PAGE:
Peak Everything


Oil, Food, Water: Is Everything Past its Peak?

By 2030, the global middle class is expected to grow by two-thirds. That’s 3 billion more shoppers. They'll all want access to goods, including water, wheat, coffee and oil. Is there enough for everybody? Can business satisfy demand and avoid hitting "peak everything?"

Special Report

  • Resource Crunch: Slideshow

    The iconic Peak Oil hypothesis--that world oil production will plateau and decline-- has inspired parlor-game questions about other resources. Some materials, like coal, are finite; others, like water, are renewable but have limits to how quickly reserves can be replenished. Can Earth keep up with our demand? Call it Peak Everything.

  • Peaks or No Peaks, the Great Resource Race Is on

    An unprecedented crisis faced America. Oil production was going to peak in just three to five years, resulting in foreign oil addiction and economic calamity.

  • Peak Oil Scare Fades as Shale, Deepwater Wells Gush Crude

    When Daniel Lacalle, in his early 20s, took a job with Spanish oil company Repsol YPF SA in 1991, friends chided him for entering a field with no future.

  • Farmers Can Grow Food for All, as Long as Ecosystems Hold

    Thomas Malthus, history’s celebrated pessimist, wrote in 1798 that, should war and disease fail to claim humanity, “gigantic inevitable famine stalks in the rear, and with one mighty blow levels the population with the food of the world.”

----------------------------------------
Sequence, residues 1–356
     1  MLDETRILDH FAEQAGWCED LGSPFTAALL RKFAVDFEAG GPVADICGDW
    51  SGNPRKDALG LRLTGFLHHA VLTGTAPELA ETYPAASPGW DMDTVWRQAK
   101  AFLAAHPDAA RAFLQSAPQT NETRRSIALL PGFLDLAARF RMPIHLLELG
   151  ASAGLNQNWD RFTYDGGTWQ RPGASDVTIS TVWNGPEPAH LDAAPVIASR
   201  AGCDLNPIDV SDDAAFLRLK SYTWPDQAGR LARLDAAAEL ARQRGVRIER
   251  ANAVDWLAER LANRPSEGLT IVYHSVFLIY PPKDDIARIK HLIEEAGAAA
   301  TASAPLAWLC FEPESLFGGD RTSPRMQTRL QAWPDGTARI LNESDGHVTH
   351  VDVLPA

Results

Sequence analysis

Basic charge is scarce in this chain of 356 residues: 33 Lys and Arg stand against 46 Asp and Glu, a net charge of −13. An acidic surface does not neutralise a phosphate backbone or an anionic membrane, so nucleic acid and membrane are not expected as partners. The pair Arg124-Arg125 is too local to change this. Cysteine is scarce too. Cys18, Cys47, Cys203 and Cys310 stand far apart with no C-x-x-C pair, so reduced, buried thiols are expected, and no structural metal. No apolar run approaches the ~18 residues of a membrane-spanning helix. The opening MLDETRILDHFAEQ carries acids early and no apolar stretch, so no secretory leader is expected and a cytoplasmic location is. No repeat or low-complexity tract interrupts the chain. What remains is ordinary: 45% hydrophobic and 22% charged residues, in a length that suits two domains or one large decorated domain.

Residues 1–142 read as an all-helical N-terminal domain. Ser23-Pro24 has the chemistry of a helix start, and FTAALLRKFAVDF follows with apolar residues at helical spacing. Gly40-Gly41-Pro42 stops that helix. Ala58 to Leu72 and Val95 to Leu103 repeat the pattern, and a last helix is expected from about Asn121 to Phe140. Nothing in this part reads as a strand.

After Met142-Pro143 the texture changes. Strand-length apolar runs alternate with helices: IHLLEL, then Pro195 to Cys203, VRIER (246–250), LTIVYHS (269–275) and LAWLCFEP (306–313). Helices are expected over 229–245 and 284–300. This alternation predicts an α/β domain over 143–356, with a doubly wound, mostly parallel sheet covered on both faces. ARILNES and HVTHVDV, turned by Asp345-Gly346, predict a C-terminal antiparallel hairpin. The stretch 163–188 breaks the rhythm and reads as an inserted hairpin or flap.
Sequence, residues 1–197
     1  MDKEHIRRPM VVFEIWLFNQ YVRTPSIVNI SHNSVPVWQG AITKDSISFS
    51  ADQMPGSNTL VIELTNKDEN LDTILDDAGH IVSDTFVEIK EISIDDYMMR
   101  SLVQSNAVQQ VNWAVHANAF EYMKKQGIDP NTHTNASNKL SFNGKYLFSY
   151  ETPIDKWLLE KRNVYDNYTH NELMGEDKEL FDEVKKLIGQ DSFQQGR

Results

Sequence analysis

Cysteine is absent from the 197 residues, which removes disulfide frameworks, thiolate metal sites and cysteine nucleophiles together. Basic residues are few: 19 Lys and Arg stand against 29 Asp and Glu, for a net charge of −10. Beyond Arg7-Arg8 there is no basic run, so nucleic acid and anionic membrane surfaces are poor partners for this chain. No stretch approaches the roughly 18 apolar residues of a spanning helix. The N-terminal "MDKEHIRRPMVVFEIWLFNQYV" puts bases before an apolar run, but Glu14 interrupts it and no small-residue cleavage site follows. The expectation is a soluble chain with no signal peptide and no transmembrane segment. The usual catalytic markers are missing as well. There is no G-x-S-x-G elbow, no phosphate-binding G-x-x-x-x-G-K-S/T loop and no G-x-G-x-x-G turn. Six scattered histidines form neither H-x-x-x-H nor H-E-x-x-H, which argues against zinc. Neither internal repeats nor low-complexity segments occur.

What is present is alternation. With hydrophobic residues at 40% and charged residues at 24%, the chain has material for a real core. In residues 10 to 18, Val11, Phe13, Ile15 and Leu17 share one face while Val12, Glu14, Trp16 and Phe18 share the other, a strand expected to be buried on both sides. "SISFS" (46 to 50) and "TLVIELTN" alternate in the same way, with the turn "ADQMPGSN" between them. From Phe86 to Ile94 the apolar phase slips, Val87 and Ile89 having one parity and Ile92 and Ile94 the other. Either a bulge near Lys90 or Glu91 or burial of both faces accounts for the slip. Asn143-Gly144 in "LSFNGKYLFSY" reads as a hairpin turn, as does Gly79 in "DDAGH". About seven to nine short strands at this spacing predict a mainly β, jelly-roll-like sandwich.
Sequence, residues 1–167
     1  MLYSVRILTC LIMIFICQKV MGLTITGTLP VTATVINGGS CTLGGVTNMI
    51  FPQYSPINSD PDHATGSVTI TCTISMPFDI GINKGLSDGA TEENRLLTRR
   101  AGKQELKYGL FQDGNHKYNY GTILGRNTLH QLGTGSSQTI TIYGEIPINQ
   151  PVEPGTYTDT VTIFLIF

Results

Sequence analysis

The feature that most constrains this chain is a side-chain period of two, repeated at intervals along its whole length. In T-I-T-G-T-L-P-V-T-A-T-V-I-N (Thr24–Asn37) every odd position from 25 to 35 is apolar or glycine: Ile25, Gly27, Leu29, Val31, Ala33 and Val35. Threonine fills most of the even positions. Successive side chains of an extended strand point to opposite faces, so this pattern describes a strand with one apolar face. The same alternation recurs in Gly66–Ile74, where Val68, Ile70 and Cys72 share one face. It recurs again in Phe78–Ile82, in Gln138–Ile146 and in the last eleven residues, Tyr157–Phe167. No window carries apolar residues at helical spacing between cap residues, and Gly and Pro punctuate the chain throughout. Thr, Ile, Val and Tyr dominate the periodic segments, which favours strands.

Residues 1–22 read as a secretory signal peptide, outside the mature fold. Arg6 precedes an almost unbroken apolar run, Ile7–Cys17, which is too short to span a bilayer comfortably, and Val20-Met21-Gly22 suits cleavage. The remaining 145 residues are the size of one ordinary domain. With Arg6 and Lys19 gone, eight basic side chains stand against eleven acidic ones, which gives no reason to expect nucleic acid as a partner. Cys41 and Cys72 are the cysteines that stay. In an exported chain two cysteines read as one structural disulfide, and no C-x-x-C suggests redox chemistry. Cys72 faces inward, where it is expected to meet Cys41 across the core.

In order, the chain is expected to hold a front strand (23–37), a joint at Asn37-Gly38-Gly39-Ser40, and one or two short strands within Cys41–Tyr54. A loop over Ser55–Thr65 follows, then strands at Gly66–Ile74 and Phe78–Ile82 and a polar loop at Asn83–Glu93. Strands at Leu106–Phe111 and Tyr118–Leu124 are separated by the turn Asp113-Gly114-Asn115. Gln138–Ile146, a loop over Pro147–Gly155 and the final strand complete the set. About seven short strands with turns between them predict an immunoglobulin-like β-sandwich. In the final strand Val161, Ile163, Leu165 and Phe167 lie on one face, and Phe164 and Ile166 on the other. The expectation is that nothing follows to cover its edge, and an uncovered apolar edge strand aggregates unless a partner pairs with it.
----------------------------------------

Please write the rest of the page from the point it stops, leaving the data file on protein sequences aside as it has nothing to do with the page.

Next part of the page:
• Peak Water: The Rise and Fall of Cheap, Clean H2O

    The Earth's surface is mostly water, yet across increasingly large swaths of the planet, H2O reservoirs are drying up.

  • Americans Gaining Energy Independence With U.S. as Top Producer

    The U.S. is the closest it has been in almost 20 years to achieving energy self-sufficiency, a goal the nation has been pursuing since the 1973 Arab oil embargo triggered a recession and led to lines at gasoline stations.

Related

Bloomberg Sustainability News

Nations and companies face rising competition for strategic resources — energy, food, water, materials — and the technologies that make best use of them.

The changes ahead are long-term and global, but readers can't be everywhere at once. Bloomberg News already is. Visit www.bloomberg.com/sustainability.
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